Do Police Know if You're on Probation?

By Mary Jane Freeman
While you're on probation, you must report to your probation officer on a regular basis.

Darrin Klimek/Digital Vision/Getty Images

If you've been arrested, convicted and sentenced for a crime, there is a chance the judge may give you a break and let you serve some or all of your sentence outside of a prison cell. However, you'll be under the supervision of a probation officer who makes sure you comply with the conditions of your release. If you get a traffic ticket or have some other contact with the police during this time, your probation status is likely to come up when the officer checks your record.

Different Forms of Probation

Probation can come in different forms. Upon conviction, you can receive a suspended sentence. This doesn't mean the amount of prison time you've been sentenced to is erased, but that it has been put on hold in exchange for complying with all of the terms of probation as the judge outlined. In the case of a suspended sentence, violating your probation puts you at risk for having your probation revoked and the judge placing you in prison to serve the original time the court handed out. Another possibility is that your entire sentence may be a probation-only sentence. However, violating a probation-only sentence could still land you in prison if the judge revokes your probation because of a violation. Some jurisdictions split the punishment, requiring you to serve a specific amount of time in prison, followed by a pre-determined amount of time on probation.

Probation Added to Criminal Record

When you are arrested, convicted and sentenced for a crime, this information is placed on your criminal record and is available to the local police departments and the justice department in your state. These agencies may also release this information to the licensing agencies that have the legal authority to conduct criminal background investigations. In addition to your arrest, conviction and sentencing history, your probation status is also reported on your criminal record. As a result of this information sharing, a police officer may learn of your probation status by running your name or other identification through various court and law enforcement databases, such as your Social Security number, date of birth and any aliases used.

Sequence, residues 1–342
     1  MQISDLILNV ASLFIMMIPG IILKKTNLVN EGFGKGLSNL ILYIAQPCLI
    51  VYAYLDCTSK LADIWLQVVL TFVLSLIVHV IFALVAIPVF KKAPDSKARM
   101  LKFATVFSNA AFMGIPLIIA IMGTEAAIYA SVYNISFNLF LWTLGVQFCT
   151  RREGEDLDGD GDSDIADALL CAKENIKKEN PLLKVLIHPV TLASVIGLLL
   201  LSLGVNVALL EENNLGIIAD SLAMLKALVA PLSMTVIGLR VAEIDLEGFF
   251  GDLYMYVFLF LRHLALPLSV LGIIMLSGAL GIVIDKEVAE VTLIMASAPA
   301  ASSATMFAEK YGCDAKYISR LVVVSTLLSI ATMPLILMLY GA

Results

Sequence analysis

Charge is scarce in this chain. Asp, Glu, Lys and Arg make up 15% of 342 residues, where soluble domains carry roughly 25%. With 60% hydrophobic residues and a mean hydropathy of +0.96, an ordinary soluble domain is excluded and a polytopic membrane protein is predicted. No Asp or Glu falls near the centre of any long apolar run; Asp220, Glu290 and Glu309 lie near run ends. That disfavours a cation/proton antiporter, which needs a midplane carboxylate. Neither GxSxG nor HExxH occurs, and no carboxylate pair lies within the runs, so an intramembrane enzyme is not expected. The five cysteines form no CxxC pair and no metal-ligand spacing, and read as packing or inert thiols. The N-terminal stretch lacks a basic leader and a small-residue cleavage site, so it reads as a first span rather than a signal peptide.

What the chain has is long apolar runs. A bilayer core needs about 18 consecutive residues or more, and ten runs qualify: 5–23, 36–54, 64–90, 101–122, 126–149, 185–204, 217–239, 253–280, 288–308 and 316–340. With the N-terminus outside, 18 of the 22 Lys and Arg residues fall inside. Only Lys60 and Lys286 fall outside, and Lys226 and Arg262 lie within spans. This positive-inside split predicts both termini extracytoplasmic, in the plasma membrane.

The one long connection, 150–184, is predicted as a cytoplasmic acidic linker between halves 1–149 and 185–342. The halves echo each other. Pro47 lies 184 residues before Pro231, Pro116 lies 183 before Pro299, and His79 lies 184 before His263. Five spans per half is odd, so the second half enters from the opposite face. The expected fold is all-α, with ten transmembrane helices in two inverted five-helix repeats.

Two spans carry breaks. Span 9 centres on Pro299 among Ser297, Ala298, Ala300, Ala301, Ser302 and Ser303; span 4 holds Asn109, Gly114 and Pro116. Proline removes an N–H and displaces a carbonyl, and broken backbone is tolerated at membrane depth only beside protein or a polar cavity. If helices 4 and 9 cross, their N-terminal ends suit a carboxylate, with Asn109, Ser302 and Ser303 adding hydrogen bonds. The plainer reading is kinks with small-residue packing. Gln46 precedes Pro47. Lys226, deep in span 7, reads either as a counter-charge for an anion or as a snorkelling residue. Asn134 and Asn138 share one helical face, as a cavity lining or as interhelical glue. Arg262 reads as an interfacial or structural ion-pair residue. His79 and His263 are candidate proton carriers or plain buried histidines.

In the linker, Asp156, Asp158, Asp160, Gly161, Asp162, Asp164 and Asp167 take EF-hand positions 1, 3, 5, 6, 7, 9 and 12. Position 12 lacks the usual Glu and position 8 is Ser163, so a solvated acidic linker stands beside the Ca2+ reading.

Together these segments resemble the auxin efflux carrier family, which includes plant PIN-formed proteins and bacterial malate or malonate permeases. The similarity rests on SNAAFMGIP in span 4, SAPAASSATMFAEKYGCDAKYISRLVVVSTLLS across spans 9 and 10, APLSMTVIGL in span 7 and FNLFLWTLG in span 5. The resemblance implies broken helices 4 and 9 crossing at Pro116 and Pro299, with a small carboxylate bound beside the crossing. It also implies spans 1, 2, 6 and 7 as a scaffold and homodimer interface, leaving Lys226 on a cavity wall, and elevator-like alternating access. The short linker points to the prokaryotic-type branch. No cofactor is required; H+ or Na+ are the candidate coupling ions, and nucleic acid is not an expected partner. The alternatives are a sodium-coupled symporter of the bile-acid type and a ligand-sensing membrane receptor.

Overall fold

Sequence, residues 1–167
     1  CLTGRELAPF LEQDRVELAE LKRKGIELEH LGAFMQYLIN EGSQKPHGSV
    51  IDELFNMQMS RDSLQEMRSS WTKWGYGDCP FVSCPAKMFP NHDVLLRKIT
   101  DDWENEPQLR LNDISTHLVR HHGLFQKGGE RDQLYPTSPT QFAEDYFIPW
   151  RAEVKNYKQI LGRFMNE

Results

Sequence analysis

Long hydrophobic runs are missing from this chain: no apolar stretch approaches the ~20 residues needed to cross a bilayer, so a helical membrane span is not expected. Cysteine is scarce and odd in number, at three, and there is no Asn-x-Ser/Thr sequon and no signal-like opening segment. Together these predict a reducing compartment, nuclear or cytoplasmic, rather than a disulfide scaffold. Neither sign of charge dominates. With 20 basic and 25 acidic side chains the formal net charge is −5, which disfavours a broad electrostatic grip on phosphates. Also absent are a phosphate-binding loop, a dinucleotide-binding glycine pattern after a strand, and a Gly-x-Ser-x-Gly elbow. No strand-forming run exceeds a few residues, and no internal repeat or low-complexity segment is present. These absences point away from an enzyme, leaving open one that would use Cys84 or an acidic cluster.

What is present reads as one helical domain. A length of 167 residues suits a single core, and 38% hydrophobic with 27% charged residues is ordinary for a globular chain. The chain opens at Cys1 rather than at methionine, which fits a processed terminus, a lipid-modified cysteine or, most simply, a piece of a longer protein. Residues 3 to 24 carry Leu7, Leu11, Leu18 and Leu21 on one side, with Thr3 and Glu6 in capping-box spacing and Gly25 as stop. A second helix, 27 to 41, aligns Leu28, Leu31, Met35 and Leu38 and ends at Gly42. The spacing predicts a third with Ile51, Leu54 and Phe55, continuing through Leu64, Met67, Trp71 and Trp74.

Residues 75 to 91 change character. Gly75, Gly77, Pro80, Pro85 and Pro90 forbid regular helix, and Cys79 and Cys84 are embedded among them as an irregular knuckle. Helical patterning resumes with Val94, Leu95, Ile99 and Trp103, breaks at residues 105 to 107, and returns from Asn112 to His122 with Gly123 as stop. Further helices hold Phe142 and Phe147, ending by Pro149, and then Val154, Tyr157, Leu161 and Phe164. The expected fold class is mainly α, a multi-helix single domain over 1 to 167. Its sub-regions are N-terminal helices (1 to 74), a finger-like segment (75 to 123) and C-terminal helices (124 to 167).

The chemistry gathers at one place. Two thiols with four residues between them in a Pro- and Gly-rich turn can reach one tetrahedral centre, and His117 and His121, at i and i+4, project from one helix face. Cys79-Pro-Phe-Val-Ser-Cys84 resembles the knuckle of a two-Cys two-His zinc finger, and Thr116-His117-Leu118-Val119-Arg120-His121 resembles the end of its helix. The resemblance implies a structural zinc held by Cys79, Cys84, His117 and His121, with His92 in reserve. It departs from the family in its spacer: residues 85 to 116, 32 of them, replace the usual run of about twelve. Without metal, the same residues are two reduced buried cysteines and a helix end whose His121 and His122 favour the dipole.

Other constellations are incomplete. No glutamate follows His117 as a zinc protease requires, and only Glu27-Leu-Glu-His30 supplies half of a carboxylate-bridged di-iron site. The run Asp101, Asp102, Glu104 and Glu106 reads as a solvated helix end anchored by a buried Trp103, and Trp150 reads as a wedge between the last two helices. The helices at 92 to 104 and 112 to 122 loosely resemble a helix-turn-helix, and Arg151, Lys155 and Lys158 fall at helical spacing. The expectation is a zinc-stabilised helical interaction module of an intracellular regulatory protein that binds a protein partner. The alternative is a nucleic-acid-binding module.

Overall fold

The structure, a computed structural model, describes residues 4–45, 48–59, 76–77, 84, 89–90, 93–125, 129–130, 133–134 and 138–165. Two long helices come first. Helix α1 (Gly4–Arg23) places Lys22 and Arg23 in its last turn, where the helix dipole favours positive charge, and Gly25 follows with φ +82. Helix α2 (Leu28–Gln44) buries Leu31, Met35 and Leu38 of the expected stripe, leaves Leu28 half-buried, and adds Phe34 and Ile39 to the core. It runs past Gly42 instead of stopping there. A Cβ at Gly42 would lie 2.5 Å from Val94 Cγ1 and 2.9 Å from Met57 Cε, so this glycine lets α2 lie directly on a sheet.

Conditions of Probation and Police Contact

When the judge grants probation, he will place certain conditions on your release that you must follow until your probation ends. While these conditions can vary from offender to offender, common ones include reporting to your assigned probation officer as required, not traveling outside your residential area without advance permission, not breaking any laws, participating in regular drug testing, notifying your probation officer of any changes in employment or your residential address, and paying fines or restitution. While on probation, you're likely to come into contact with a police officer because of things like a traffic violation or being arrested for a new offense. If you're arrested, it's more likely your probation status will come up when the officer runs a criminal record search on you. However, with lesser infractions, like jaywalking or receiving a traffic ticket, your probation status may go unnoticed because the officer may not conduct an in-depth records search or any search at all, depending on the circumstances.

Erasing Probation History From Criminal Record

Once you successfully complete probation, you may be able to gain peace of mind by having the conviction and sentence cleared from your record. Some states, like California, allow eligible offenders to expunge certain infractions and crimes. First, the offender must qualify, which typically means following all court orders, completing probation and not having any new charges brought against him. Next, the offender must apply to the court to have his record cleared. There may be a waiting period between when an offender was convicted or finished his sentence and when the offender is eligible to apply. However, some convictions can never be cleared, such as many sex crimes.

About the Author

Based on the West Coast, Mary Jane Freeman has been writing professionally since 1994, specializing in the topics of business and law. Freeman's work has appeared in a variety of publications, including LegalZoom, Essence, Reuters and Chicago Sun-Times. Freeman holds a Master of Science in public policy and management and Juris Doctor. Freeman is self-employed and works as a policy analyst and legal consultant.

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